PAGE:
Maher SA, Rodeo SA, Doty SB, Brophy R, Potter H, Foo LF, Rosenblatt L, Deng XH, Turner AS, Wright TM, Warren RF. Evaluation of a Porous Polyurethane Scaffold in a Partial Meniscal Defect Ovine Model. Arthroscopy. 2010 Nov;26(11):1510-9.
Maher SA, Doty SB, Torzilli PA, Thornton A, Lowman A, Thomas J, Warren R, Wright TM, Meyers. Nondegradable Hydrogels for the Treatment of Focal Cartilage Defects. J Biomed Mater Res A. 2007; 83(1):145-55.
For more publications, please see the PubMed listing.
2022: The Annual Meeting of the Orthopaedic Research Society, ORS Business Committee, Invited Speaker. The Nuts and Bolts of Funding and Running a Start-Up as PI
2021. Invited Speaker: University of Delaware: The Mysterious & Misunderstood Meniscus.
2021: Invited Speaker at the Intellectual Property Workshop, Orthopaedic Research Society Annual Meeting
2020: University of Ulm, 40th year celebration of the founding of the Institute of Orthopaedic Research and Biomechanics. Cancelled due to COVID-19. We Move or We Rust
2020: Invited Speaker, Brown University: The Meniscus
2020: The Samuel Haughton Distinguished Lecture at the Annual Meeting of BioEngineering in Ireland
2019: Invited Speaker at the Joint Meeting of Pre-Clinical and Implants Sections at the Annual Meeting of Orthopaedic Research Society: Use of Computational Modeling to Inform and to Replace, Reduce and Refine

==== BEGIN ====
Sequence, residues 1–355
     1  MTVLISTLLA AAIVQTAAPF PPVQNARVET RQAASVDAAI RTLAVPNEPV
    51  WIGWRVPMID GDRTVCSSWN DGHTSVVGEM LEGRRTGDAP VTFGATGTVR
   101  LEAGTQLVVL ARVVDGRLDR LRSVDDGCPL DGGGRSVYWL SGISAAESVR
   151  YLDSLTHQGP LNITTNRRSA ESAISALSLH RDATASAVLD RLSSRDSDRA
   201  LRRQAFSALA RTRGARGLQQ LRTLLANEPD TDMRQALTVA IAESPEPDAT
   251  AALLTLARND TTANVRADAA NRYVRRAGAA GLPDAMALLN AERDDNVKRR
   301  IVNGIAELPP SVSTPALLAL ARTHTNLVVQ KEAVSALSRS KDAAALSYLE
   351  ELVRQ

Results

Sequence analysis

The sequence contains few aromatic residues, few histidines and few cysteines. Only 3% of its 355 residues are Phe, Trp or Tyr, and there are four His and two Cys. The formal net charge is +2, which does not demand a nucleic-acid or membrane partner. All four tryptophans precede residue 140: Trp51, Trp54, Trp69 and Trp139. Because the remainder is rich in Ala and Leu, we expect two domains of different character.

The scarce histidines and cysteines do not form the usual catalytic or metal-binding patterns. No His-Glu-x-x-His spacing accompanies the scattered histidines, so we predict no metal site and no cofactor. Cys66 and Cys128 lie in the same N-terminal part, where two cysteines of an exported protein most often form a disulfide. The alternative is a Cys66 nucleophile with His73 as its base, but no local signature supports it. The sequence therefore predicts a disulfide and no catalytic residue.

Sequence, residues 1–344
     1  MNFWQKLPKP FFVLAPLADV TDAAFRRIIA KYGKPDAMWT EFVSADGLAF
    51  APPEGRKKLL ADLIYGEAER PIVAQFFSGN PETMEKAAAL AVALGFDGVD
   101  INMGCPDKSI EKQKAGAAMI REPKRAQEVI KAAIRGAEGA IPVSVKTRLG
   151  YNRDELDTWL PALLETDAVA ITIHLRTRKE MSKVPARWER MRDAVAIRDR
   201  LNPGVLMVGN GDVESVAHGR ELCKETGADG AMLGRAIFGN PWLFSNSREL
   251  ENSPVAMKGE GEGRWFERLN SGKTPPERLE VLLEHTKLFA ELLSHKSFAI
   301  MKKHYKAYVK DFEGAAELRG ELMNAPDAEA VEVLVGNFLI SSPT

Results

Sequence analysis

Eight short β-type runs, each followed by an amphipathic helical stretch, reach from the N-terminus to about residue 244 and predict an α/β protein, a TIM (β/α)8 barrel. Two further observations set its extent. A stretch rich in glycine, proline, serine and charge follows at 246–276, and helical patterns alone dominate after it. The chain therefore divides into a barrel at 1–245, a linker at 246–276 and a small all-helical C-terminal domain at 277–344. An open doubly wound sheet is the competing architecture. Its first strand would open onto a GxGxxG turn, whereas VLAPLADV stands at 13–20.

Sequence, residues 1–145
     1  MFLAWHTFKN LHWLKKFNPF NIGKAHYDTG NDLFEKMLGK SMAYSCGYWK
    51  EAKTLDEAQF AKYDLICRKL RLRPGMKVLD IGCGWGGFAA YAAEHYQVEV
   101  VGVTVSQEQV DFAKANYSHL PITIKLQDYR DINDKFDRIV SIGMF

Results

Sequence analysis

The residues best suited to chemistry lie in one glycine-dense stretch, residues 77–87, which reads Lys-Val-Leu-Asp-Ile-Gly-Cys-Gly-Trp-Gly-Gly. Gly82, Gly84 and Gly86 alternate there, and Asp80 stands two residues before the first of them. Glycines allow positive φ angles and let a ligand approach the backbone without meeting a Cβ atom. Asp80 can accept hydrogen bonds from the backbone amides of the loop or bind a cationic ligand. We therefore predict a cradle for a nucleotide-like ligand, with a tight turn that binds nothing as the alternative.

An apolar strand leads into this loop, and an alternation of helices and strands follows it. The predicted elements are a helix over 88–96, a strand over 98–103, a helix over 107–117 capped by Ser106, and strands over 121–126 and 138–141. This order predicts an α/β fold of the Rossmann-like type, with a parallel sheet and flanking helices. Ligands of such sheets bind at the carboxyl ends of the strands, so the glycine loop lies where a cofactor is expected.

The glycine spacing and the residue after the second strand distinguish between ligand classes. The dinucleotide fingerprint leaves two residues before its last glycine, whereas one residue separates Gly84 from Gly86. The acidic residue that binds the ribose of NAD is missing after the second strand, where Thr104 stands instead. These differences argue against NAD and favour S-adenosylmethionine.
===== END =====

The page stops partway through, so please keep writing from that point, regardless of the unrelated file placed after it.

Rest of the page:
2018: Invited Faculty, International Cartilage Research Society (ICRS) Annual Meeting, Macau, China: Cartilage Contact Mechanics after Joint Injury
2018: William F. Neuman Visiting Speaker at Rochester University: Improving Pre-Clinical Testing Approaches in Orthopaedics: A Work in Motion
2018: Keynote speaker, Joint Session between ORS & World Congress Biomechanics, Dublin, Ireland, Tribology: Are Changes in Joint Mechanics Related to Progression of Joint Degeneration?
One of the goals of HSS is to advance the science of orthopedic surgery, rheumatology, and related disciplines for the benefit of patients. Research staff at HSS may collaborate with outside companies for education, research and medical advances. HSS supports this collaboration in order to foster medical breakthroughs; however, HSS also believes that these collaborations must be disclosed.
As part of the disclosure process, this website lists Research staff collaborations with outside companies if the Research staff member received any payment during the prior year or expects to receive any payment in the next year. The disclosures are based on information provided by the Research staff and other sources and are updated regularly. Current ownership interests and leadership positions are also listed. Further information may be available on individual company websites.
Below are the healthcare industry relationships reported by Dr. Maher as of March 28, 2023.
Jannu Therapeutics - Ownership Interest
By disclosing the collaborations of HSS Research staff with industry on this website, HSS and its Research staff make this information available to patients and the public, thus creating a transparent environment for those who are interested in this information. Further, the HSS Conflicts of Interest Policy does not permit payment of royalties on products developed by him/her that are used on patients at HSS.
Feel free to ask the Research staff member about their relationship(s).